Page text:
And how should the nation measure the upsides of empowering ready use of the press for stock market frauds, election scams, and publication of purely private animus? How do those outweigh the costs of burdening the part of the press which does much less of all of them? What is the value to the nation of ginning up conspiracy theories like Q-Anon? Or of redressing the nation’s long-neglected need to be criss-crossed by armed militia bands on mysterious missions? With so much to dream about, isn’t it time to start taking stock of it all?

  9. In what way are Twitter and Facebook monopolies?
    What product is being monopolized?

    1. Exactly. Posting things on the internet? We’re all doing that *right now, right here.* I guess Reason is a monopoly!

      And, really, they don’t have nearly enough left wing contributors, so I guess they’re ‘silencing’ and ‘censoring’ the left. Time for government to *do something!*

    2. Well, there are these things in our economy called “services,” “information,” and whatnot. Have been for a while.

      Similarly, and hate to break this as well, but if someone claims they gave you money, saying you didn’t get any gold or silver coin is no longer quite the gotcha slam-dunk refutation it once was.

    3. In what way was Arlene’s Flowers a monopoly? How were the plaintiffs prevented from buying flowers? Was Arlene’s the only florist around? Did no other florist do weddings?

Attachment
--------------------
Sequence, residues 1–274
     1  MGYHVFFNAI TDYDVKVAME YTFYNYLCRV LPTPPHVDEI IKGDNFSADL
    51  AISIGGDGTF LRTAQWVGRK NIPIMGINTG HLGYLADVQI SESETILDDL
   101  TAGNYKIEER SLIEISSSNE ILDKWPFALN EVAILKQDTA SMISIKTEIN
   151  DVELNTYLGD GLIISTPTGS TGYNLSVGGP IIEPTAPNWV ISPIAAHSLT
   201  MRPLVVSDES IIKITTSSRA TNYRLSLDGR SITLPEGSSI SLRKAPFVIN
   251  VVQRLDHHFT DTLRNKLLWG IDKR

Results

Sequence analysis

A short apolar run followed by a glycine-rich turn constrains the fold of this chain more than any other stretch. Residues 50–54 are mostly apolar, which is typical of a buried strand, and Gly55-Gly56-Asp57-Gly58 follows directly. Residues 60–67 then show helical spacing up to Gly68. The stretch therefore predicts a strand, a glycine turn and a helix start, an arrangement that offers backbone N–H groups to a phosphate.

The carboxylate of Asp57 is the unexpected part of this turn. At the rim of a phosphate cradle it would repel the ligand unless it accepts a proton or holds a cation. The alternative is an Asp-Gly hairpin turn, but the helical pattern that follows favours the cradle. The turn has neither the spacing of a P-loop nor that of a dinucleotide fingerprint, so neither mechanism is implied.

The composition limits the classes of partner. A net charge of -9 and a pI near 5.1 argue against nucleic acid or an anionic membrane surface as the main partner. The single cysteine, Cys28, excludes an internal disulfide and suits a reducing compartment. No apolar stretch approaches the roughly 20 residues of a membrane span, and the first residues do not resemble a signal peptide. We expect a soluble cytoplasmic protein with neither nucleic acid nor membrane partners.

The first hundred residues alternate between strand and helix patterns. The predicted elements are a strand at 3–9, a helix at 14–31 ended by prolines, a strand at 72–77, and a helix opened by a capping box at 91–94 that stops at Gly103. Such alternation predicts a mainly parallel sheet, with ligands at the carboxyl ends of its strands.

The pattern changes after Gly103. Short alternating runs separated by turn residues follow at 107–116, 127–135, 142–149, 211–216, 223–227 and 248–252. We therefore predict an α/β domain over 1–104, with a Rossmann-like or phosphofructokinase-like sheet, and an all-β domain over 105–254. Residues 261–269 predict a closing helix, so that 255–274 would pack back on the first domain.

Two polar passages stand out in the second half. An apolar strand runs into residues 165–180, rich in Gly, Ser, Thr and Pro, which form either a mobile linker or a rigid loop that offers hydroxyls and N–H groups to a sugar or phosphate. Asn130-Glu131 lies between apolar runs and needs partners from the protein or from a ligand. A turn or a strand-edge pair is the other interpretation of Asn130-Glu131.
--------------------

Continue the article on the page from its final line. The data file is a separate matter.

10. Would any of the conservative law professors abandoning their principles on this one care to identify two or three examples of platform conduct that was not warranted, in their judgment? Any content, in particular, they wish to associate themselves with?

    If statements that are not calls to violence or criminal conduct; that are not disgustingly bigoted; that are not delusional and perhaps dangerous falsehoods; or are not ‘otherwise objectionable’ have precipitated decisions by Twitter or Facebook to disassociate from a speaker, let’s hear them.

    That could influence my judgment in this context. Not only with respect to the substantive issue, but also with respect to whether these right-wing law professors are just polemical, practical, partisan hypocrites.

    1. If statements that are not calls to violence or criminal conduct; that are not disgustingly bigoted; that are not delusional and perhaps dangerous falsehoods; or are not ‘otherwise objectionable’ have precipitated decisions by Twitter or Facebook to disassociate from a speaker, let’s hear them.

      I second this.

      1. Define “bigoted”. It’s a word progressives love to use, but it seems to be a moving target so I want to know what the rule actually is.

        1. Others may have differing and perhaps better definitions, but a good start would involve racism, gay-bashing, misogyny, Muslim-bashing, anti-Semitism, xenophobia, Asian-bashing, White supremacy, and the like.

          What is your definition of bigoted, I Callahan?

        2. Conservative: I have been censored for my conservative views
          Me: Holy shit! You were censored for wanting lower taxes?
          Con: LOL no…no not those views
          Me: So….deregulation?
          Con: Haha no not those views either
          Me: Which views, exactly?
          Con: Oh, you know the ones

          https://twitter.com/ndrew_lawrence/status/1050391663552671744

  11. Others may have differing and perhaps better definitions, but a good start would involve racism, gay-bashing, misogyny, Muslim-bashing, anti-Semitism, xenophobia, Asian-bashing, White supremacy, and the like.

    What is your definition, I Callahan?